Some news to share this week with you readers: my adoption ‘passed court’! As I think I mentioned in previous posts, adoption in the West African country I am adopting from is by judicial order. When I was last there (Christmas 2009), I appointed a lawyer and power of attorney, so I didn’t have to travel down for the actual case—knowing that I would need the money saved on airfares for the paperwork to come.
Of course I feel elated, joyful and somewhat terrified—that old adage 'be careful what you wish for' is on loop in my head. Schools, the language issue, adjustment teething problems…the future is a minefield.
But first of course I have to get her here. Over the next couple of months I need to get her a new birth certificate (with my surname), a passport and then a visa for ‘reagrupación familiar’ from the Spanish embassy in her country, possibility the hardest step of all: the ‘sin precedent’ element of expats in Spain adopting from foreign countries generally means an unhelpful, if not hostile reception at this stage from the foreign consuls, who at the end of the road, have the uppermost hand in the entire adoption process. And all this in an African country whose wheels of bureaucracy moves at a snail’s pace. Oh, and did I mention that over the next few months I will be haemorrhaging money for all this?
But hey, looking back at how far I’ve come, I know I just have to take it one step at a time. She’s my daughter, my responsibility and no surly official is going to keep us apart.
My new daughter just rang me to wish me a happy Mother’s Day (celebrated down there on the second Sunday in May, same as my own country). I am in close contact with the director of the orphanage she is in and she organised the call. My little girl had to attend the court hearing, twice in fact, as the first time it was adjourned. She went with my power of attorney (who also works for the orphanage) and sat there in a hot courtroom for hours waiting. Apparently she was asked by the judge if she wanted to come and live with me, to which she replied, ‘Oh yes, I like Aunty Meredith toooo much.” To which the whole court broke out laughing.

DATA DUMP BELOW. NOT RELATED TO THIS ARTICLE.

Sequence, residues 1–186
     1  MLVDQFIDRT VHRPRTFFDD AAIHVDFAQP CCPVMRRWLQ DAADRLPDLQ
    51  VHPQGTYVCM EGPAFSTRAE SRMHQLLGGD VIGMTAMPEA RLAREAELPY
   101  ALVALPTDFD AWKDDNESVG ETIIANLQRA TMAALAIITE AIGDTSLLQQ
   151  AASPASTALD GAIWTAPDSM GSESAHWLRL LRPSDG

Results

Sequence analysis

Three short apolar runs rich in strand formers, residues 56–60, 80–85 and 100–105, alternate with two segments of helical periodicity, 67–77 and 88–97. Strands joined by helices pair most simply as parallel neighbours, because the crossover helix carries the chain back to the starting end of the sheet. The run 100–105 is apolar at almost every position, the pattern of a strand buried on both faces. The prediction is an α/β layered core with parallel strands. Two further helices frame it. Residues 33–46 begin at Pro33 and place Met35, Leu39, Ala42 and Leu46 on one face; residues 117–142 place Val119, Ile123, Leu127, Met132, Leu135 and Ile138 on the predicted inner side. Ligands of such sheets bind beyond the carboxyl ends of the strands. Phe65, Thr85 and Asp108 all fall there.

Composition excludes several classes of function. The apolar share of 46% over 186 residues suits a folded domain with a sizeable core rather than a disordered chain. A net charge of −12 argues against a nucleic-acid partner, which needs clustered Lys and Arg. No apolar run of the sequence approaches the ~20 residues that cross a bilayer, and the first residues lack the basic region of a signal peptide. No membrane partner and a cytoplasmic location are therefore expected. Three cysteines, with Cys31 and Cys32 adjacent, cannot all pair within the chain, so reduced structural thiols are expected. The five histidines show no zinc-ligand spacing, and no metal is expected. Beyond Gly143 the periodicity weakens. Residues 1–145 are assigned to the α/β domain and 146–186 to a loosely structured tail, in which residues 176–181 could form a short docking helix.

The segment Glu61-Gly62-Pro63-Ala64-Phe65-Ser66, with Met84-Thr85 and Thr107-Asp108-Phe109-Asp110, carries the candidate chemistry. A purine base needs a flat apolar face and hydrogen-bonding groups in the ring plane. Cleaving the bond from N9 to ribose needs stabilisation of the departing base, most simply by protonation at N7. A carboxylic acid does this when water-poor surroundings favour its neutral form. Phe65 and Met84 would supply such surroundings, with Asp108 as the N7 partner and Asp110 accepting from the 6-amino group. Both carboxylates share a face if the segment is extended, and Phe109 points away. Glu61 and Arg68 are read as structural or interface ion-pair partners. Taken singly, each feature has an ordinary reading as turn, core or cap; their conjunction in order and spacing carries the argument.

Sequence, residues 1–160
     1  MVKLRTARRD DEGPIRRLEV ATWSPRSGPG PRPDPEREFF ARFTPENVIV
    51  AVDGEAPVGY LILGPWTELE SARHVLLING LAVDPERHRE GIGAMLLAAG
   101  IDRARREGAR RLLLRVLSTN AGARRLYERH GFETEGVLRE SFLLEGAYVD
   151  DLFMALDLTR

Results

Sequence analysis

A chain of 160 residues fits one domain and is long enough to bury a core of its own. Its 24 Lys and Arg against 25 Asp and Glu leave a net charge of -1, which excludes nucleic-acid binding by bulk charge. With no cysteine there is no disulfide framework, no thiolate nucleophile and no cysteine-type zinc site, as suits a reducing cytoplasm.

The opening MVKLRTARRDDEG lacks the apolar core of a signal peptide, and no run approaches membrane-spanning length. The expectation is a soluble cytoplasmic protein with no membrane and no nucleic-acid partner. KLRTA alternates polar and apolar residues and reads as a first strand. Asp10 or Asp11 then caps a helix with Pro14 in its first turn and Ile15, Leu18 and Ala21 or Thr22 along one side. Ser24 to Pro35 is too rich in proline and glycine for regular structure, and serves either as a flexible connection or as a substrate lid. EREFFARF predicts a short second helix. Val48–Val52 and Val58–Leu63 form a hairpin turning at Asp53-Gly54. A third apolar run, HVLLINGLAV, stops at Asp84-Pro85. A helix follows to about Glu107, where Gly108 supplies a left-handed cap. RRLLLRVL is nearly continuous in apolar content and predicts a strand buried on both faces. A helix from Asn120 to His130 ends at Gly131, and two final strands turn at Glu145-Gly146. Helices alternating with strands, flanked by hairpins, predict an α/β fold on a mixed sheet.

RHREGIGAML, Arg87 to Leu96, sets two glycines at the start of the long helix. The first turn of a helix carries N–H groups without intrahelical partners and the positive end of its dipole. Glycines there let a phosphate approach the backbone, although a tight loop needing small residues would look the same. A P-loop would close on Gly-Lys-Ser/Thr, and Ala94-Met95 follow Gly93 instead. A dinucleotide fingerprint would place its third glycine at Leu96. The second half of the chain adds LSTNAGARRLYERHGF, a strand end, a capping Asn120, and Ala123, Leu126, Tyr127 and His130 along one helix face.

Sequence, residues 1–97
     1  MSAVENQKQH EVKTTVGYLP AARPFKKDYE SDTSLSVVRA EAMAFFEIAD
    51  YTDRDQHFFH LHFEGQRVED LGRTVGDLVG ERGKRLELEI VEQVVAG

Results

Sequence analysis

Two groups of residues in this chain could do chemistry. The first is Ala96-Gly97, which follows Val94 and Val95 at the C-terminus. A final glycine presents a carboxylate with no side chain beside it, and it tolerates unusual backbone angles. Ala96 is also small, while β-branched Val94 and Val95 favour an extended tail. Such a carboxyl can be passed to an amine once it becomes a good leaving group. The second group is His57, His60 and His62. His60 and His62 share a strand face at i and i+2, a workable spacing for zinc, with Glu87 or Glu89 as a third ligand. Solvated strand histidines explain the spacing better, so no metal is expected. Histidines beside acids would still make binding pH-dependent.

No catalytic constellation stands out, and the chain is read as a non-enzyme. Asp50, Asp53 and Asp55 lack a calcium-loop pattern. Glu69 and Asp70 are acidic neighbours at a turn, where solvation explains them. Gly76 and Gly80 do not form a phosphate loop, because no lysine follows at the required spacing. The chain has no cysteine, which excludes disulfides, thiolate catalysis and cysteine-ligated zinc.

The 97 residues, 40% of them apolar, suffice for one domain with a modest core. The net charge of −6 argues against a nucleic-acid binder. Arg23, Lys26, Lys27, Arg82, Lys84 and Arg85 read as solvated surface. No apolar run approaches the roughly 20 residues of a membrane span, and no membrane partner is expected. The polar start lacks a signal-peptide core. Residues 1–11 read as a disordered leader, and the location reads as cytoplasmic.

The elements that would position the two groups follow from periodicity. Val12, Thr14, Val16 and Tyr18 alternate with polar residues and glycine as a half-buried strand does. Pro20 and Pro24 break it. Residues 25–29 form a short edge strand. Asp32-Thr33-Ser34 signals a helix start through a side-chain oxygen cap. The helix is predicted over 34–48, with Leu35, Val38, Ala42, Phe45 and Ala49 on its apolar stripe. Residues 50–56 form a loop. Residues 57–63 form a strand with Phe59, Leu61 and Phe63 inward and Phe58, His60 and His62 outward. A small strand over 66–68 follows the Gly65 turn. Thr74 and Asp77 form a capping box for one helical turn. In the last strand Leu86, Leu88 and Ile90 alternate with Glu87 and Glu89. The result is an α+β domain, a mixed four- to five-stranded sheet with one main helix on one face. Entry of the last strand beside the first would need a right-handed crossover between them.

So my little girl has made me a mother, and I thank her from the bottom of my heart for that. When speaking to my own mother for Mother’s Day she seemed as shell-shocked as I at the news—and is understandably proud of what I have done. But does it have more merit than having bio kids? I don’t think so. Children come to into your life in different ways, and whichever way it happens, their impact is extraordinary.